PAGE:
From Middle English schambyll, shamyll, schamel, from Old English sċeamol, scamol (“bench, stool”), from Proto-West Germanic *skamul, *skamil, from Proto-Germanic *skamulaz, *skamilaz, from Latin scamellum, a variant of scabellum (“footstool”). Cognate with Dutch schemel (“footstool, bench”), German Schemel (“stool”), Danish skammel (“stool”). Icelandic skemill (“footstool”).
- To walk while shuffling or dragging the feet.
- I wasn't too impressed with the fellow, when he shambled in unenthusiastically and an hour late.
- 1851 November 14, Herman Melville, chapter 64, in Moby-Dick; or, The Whale, 1st American edition, New York, N.Y.: Harper & Brothers; London: Richard Bentley, OCLC 57395299, page 328:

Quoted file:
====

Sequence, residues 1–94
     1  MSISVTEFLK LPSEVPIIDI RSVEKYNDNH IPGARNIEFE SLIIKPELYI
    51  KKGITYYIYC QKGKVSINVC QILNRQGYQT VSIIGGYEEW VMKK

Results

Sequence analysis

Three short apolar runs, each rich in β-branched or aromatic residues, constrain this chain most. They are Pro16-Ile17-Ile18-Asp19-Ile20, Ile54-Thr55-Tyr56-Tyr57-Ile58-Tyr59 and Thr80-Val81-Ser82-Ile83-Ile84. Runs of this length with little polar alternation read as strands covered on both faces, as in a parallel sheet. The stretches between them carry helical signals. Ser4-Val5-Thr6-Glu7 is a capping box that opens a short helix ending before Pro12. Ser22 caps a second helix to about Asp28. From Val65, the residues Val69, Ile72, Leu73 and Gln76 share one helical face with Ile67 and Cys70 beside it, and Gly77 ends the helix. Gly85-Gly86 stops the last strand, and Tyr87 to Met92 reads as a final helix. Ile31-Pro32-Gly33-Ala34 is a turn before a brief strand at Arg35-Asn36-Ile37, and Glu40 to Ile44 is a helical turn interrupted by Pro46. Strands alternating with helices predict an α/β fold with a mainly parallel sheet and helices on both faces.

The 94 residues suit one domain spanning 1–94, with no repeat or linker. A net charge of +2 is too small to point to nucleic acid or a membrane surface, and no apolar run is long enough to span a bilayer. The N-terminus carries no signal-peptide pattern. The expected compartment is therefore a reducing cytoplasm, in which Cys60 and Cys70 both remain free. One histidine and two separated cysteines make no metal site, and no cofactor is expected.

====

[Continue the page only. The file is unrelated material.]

- The old black, not in any very high glee at having been previously roused from his warm hammock at a most unseasonable hour, came shambling along from his galley, for, like many old blacks, there was something the matter with his knee-pans, which he did not keep well scoured like his other pans; [...]
shamble (plural shambles)
- (mining) One of a succession of niches or platforms, one above another, to hold ore which is thrown successively from platform to platform, and thus raised to a higher level.